Pastor's Pen - May 30, 2018
Author: Rev. Dr. Anna V. Copeland
May 30, 2018
May 30, 2018
“Do unto others as you would have them do to you. Love one another and know that I will be with you.” Matthew 7:12
The season of testing begins. Visitors from away backed up traffic on Route 1 over the weekend in the annual mad dash to the beach. It’s tempting to keep nudging forward, eyes straight ahead as if we don’t notice the near desperation of those trying vainly to join the queue headed north. “We deserve to get where we’re going first,” we mutter, “after all, we live here.”
That Jesus thing about doing unto others as you would have them do to you is harder than we think. Most of the time we’re not conscious about how we like to be treated, unless we’re treated badly. We know that feels crummy. If Jesus had only said, “Don’t treat others in a way you don’t want to be treated,” we’d get it. Only it’s not quite the same, is it?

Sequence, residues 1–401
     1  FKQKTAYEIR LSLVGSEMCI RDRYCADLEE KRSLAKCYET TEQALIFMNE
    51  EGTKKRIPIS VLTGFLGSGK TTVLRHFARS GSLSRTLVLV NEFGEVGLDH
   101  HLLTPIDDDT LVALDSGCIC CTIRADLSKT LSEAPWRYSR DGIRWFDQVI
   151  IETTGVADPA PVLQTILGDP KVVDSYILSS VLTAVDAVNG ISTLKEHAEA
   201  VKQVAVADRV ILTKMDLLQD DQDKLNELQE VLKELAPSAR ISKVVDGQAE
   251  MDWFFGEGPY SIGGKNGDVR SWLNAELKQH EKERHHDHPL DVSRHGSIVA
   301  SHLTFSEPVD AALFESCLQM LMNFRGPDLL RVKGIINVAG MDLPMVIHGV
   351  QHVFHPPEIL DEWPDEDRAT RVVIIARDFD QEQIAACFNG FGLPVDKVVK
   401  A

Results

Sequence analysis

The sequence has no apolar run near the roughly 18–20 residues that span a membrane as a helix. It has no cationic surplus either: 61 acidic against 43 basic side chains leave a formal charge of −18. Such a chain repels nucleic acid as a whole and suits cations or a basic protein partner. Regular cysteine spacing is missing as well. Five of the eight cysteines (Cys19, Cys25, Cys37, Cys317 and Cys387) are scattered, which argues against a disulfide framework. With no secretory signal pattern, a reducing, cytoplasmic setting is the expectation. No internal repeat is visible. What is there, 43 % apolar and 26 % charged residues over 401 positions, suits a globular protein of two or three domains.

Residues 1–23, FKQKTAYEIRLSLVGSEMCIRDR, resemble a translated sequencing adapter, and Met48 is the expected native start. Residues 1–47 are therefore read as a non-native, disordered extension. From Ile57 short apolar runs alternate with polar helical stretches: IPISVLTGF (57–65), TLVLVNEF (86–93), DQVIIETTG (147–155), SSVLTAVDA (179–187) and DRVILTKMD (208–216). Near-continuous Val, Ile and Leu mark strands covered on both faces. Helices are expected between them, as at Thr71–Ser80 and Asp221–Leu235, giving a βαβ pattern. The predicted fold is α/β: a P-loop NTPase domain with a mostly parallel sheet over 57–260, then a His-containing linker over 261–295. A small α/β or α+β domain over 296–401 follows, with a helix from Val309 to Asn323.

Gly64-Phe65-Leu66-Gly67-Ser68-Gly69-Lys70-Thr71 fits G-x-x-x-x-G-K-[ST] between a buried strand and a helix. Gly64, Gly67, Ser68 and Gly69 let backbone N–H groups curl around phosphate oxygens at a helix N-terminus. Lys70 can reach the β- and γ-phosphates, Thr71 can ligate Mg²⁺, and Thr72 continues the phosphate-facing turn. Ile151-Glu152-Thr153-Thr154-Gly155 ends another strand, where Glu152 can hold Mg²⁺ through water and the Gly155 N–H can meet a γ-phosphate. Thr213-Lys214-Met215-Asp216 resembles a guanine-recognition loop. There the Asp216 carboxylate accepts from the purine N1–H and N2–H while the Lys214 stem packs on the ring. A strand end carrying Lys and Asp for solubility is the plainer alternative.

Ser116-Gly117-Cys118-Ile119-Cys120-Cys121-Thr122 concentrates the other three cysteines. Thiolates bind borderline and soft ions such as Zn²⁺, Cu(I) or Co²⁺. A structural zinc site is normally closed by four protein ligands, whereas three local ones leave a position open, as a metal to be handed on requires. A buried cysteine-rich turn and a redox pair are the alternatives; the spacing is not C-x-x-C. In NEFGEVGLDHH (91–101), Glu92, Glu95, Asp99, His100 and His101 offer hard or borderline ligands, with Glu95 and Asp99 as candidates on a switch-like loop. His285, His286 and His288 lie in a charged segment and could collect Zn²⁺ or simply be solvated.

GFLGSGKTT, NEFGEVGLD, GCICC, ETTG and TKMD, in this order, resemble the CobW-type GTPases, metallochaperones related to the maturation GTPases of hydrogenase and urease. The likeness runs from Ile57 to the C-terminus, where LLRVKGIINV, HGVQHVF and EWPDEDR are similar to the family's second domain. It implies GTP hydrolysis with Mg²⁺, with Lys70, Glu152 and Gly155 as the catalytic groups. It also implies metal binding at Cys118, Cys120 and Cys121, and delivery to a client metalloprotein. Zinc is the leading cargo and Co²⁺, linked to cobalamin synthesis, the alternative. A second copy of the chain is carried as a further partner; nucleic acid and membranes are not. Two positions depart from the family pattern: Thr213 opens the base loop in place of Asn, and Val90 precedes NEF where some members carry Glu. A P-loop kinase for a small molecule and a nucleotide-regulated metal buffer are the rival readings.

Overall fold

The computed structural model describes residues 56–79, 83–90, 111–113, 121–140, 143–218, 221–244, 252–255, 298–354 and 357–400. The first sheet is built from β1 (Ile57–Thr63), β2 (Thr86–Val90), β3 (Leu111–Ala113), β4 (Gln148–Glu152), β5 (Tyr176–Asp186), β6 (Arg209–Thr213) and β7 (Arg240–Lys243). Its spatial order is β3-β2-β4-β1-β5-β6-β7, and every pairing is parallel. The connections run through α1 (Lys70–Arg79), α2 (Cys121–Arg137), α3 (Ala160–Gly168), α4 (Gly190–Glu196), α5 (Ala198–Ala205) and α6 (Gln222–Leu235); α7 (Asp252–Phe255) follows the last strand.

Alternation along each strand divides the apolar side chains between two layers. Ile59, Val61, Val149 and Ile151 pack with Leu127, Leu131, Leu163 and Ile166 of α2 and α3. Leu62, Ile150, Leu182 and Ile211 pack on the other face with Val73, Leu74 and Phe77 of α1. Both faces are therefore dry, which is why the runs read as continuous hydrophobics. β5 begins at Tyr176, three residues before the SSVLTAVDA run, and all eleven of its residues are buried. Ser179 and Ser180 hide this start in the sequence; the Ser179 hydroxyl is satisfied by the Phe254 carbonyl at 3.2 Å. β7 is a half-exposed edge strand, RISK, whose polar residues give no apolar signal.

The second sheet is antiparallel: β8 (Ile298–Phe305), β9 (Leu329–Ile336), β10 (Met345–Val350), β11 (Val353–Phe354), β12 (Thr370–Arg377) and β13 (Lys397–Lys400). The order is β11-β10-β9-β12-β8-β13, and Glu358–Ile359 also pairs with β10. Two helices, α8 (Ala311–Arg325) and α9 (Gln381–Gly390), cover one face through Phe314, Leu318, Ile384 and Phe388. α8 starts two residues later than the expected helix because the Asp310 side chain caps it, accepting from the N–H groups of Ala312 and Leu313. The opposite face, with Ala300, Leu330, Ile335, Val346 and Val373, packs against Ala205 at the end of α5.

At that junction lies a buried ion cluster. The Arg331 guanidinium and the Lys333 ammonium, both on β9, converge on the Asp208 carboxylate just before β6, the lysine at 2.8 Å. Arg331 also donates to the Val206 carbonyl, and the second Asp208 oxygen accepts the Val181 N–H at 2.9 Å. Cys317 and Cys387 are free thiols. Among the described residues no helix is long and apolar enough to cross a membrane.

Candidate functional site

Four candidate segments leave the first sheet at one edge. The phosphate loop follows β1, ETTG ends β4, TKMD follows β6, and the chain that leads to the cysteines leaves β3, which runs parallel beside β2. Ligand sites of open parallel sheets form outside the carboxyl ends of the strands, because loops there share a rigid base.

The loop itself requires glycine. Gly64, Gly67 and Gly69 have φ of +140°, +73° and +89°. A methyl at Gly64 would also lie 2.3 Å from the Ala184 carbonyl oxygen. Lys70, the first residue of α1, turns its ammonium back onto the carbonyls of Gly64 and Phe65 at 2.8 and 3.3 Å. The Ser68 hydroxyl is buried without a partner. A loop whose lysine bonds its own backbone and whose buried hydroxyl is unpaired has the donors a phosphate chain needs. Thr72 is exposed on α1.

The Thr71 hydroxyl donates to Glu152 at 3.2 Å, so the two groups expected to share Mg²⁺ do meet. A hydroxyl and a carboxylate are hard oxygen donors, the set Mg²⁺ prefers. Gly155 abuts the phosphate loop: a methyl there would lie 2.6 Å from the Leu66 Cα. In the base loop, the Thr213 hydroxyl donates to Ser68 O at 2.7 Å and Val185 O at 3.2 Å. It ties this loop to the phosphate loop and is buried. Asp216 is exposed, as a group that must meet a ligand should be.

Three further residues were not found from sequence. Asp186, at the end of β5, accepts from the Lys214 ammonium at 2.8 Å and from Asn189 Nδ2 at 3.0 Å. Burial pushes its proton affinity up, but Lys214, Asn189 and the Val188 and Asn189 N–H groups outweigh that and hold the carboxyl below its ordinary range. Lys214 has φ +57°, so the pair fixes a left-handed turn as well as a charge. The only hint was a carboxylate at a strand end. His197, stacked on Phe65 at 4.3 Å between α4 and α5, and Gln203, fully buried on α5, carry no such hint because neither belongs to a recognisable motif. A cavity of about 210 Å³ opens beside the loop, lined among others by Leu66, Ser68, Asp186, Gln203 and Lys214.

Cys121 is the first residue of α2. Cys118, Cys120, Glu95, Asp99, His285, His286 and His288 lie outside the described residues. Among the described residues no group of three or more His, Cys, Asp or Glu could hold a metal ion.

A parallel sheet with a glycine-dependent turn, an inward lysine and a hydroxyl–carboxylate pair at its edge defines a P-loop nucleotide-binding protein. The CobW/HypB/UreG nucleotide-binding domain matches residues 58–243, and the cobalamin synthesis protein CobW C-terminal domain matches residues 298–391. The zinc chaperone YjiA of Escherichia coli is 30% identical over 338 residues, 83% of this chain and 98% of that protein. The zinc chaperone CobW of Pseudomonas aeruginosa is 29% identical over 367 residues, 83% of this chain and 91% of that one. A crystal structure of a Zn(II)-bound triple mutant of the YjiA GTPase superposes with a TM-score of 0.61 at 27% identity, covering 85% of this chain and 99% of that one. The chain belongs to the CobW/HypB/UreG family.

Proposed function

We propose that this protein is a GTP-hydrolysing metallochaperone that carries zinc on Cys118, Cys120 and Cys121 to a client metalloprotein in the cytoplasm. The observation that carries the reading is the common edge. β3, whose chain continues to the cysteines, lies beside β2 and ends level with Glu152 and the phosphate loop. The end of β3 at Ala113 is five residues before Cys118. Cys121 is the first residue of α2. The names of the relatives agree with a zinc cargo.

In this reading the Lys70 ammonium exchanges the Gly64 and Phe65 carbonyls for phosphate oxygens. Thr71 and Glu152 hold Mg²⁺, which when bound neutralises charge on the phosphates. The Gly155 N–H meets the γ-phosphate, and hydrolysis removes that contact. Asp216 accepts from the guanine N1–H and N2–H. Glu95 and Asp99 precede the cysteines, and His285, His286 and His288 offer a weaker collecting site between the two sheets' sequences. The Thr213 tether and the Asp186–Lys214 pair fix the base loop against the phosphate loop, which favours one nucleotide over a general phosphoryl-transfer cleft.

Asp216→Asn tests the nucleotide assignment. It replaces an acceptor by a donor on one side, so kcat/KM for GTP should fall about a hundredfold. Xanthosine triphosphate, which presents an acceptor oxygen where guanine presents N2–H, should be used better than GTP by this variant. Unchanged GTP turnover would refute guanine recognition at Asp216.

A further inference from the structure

In fact, many of us treat other people a whole lot better than we treat ourselves. We pour ourselves out tending to children, neighbors, and the demands of our work, often leaving little time to ask ourselves what we need, let alone figure out how to get it. If that doesn’t sound like you, then you’re probably pretty content. If you generally take time for yourself, and treat yourself with the same honor and respect you treat others, then you’re likely a fairly happy person.
However, we all get a little out of balance on the love scale from time to time, either demanding that we get what we want and need at the expense of our neighbor, or doing so much for other people that there’s little left over for ourselves.
The fulcrum of that scale is God’s love for us and also for our neighbor. The balance that brings us peace comes not from winning the summer traffic wars or from insisting on our way in every situation, but rather from choosing in ordinary time to make space for the stranger, and to honor ourselves.
Prayer: Just for today, help me to be mindful of those around me, treating them with the kindness and generosity with which I would like to be treated, for God’s sake, their sake, and my own. Amen
God’s grace, mercy and peace,
Pastor Anna V. Copeland